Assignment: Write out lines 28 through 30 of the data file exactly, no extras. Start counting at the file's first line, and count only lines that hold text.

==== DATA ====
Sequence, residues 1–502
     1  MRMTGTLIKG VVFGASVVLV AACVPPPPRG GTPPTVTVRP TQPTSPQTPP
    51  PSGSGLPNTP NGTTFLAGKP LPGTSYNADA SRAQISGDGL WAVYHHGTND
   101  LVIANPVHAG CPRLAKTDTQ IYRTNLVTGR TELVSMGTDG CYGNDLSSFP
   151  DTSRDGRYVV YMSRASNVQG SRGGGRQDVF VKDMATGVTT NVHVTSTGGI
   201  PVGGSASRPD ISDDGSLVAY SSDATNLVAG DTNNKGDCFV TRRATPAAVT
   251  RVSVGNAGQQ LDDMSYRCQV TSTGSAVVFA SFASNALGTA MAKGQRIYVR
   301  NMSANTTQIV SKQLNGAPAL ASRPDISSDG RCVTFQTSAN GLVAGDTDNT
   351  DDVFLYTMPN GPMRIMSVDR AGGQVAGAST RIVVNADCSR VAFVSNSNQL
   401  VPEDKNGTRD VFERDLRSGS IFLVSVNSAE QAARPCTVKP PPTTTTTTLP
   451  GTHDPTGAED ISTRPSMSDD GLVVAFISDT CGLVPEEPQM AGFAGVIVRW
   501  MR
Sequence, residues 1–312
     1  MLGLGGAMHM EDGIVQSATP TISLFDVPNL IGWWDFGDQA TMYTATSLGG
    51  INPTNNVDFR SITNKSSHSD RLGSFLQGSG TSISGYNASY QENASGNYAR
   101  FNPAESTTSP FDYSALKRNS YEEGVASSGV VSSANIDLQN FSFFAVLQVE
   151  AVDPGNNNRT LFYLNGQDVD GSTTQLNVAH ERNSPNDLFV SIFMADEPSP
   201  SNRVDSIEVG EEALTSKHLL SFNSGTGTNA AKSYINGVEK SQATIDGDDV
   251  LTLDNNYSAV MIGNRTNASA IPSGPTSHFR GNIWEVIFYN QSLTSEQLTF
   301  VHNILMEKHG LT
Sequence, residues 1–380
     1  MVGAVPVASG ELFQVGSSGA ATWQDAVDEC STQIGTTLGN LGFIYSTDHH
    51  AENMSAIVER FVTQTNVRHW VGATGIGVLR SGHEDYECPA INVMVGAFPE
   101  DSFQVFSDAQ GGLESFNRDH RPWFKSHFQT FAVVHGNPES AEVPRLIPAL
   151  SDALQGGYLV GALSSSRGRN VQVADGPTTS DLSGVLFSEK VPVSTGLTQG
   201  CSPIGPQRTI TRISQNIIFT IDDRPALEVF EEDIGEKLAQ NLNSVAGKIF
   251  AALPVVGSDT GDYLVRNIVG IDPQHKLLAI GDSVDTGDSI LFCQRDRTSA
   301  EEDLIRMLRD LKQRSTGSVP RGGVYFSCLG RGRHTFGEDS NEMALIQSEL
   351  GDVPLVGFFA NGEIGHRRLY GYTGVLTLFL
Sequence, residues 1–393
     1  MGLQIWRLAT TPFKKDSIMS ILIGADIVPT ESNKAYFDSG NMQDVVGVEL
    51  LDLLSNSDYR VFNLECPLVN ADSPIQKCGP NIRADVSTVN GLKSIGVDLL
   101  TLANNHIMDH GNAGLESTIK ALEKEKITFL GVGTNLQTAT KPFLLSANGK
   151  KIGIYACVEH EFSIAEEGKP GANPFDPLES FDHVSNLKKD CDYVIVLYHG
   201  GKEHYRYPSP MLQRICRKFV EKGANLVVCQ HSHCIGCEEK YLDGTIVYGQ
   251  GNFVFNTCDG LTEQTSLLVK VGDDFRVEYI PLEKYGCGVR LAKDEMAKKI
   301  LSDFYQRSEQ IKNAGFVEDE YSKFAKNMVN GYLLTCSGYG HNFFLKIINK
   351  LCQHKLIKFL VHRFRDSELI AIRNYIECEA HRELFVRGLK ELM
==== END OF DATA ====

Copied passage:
   301  EEDLIRMLRD LKQRSTGSVP RGGVYFSCLG RGRHTFGEDS NEMALIQSEL
   351  GDVPLVGFFA NGEIGHRRLY GYTGVLTLFL
Sequence, residues 1–393